Bain analyzed the barriers to successful change management at 184 global companies. The study enabled us to identify predictable patterns of risks in a broad cross-section of change efforts. We found, for example, that about 65 percent of initiatives required significant behavioral change on the part of employees-something that managers often fail to consider and plan for in advance. Nearly 60 percent of the companies we analyzed lacked the right capabilities to deliver on their change plans. The same percentage of companies didn’t have the appropriate individuals, structures and decision-making processes to drive the change initiatives. In addition, about 60 percent lacked the right metrics and incentives to make change efforts successful. And more than 63 percent of the companies faced high risks to their change efforts because of significant communications gaps between the leaders of the effort and the employees most affected by it.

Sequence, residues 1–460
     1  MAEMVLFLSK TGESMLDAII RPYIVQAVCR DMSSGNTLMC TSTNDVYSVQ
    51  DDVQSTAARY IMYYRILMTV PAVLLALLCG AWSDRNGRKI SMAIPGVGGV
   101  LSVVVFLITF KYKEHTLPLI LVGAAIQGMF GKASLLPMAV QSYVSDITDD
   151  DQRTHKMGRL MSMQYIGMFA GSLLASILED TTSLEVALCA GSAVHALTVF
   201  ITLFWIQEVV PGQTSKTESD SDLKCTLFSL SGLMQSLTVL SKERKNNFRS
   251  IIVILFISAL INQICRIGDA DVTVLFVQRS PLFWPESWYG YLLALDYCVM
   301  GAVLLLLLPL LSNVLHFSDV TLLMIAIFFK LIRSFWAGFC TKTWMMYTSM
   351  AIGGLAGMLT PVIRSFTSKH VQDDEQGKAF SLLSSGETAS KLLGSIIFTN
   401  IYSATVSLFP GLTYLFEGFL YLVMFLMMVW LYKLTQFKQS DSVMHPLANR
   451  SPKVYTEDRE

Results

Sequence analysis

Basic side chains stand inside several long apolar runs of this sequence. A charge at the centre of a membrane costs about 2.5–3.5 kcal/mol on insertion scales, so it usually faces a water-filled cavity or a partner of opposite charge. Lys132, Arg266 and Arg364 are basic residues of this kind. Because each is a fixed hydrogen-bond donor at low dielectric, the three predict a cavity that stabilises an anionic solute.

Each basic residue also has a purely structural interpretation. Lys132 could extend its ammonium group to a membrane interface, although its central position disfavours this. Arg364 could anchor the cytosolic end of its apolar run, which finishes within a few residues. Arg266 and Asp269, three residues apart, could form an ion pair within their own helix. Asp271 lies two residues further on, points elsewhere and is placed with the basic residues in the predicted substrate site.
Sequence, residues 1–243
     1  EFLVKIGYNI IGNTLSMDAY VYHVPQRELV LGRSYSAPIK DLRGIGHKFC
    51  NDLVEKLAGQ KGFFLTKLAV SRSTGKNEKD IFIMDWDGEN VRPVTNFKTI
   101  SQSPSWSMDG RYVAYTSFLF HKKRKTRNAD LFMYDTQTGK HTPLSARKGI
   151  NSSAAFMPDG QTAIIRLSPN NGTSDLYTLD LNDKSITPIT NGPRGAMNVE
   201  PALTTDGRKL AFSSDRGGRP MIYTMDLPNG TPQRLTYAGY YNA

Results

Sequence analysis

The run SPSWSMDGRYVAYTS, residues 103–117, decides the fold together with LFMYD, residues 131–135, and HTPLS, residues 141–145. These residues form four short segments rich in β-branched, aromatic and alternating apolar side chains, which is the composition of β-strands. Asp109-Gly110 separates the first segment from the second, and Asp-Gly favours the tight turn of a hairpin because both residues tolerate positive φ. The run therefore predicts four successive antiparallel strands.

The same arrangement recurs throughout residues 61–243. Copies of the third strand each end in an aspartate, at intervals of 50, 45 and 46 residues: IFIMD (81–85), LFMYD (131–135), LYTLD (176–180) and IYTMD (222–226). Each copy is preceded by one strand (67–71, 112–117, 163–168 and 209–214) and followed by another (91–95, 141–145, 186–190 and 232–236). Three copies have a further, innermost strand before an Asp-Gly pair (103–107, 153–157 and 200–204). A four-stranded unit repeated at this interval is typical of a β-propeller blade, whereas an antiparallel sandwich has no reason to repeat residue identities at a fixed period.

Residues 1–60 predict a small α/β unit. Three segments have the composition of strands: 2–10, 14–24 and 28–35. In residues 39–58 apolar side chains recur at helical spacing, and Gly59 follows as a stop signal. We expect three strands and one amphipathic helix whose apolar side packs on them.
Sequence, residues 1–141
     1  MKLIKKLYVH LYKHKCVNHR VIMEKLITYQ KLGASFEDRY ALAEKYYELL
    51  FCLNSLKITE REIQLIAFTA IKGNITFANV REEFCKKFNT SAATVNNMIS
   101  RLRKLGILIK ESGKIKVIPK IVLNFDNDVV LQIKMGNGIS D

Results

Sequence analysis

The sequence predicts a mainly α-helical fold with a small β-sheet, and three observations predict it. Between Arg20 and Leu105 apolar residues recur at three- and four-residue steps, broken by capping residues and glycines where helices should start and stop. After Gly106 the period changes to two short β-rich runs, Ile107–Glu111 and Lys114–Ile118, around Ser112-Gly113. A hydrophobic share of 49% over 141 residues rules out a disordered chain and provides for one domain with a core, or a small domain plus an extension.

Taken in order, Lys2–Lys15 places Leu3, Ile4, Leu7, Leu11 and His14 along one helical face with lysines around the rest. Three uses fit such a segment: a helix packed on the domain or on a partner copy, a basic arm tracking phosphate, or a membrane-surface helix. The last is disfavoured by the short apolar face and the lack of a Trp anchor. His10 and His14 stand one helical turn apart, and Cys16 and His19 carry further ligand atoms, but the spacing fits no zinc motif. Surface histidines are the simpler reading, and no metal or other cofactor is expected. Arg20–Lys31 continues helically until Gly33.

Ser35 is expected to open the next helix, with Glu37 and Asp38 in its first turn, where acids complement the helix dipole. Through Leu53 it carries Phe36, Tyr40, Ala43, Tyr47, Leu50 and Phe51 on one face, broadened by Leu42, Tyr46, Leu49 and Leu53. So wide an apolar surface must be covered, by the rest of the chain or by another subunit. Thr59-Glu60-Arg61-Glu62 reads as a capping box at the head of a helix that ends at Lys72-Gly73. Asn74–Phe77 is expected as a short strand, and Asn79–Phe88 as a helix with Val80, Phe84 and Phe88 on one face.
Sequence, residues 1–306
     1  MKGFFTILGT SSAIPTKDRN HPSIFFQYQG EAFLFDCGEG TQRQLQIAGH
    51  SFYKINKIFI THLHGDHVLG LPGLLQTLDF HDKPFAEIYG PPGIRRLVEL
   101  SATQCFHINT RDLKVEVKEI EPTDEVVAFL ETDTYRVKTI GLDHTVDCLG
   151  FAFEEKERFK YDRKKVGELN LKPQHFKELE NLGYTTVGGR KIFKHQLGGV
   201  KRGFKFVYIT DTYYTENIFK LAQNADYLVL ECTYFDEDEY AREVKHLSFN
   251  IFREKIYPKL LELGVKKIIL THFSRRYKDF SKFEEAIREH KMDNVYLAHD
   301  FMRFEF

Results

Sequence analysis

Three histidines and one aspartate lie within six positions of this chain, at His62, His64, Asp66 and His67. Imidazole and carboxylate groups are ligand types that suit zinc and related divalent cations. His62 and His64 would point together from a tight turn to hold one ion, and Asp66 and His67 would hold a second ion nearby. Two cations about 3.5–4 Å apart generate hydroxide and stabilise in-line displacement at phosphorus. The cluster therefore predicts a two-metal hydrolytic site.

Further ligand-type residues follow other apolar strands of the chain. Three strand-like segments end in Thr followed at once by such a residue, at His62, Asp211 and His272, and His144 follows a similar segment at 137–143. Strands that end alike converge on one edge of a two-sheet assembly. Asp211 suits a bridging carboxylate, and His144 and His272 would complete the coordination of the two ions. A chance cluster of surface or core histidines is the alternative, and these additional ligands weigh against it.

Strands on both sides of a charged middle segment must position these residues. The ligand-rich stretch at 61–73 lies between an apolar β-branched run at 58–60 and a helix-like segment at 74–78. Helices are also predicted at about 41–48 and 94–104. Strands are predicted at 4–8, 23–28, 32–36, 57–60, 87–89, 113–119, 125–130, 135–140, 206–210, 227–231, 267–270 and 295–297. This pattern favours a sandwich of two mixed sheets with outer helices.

These findings reinforce what decades of experience with clients have shown us: companies usually fall prey to three common change management myths, which lead to a superficial approach to change initiatives. Many companies assume they can get it done, for instance, with the right combination of strong incentives for their leaders and overlook the importance of building employee commitment during a change effort. The 30 percent of companies that succeed take a radically different course of action. They know that success requires leaders to learn and apply some counterintuitive strategies to change. Let’s take a look at each one in turn.
Editor’s Note: the best change management article I have read recently
Authors: Alan Bird, Gib Carey, Patrick Litre, Paul Meehan
Source: Bain & Company
Subject: Change Management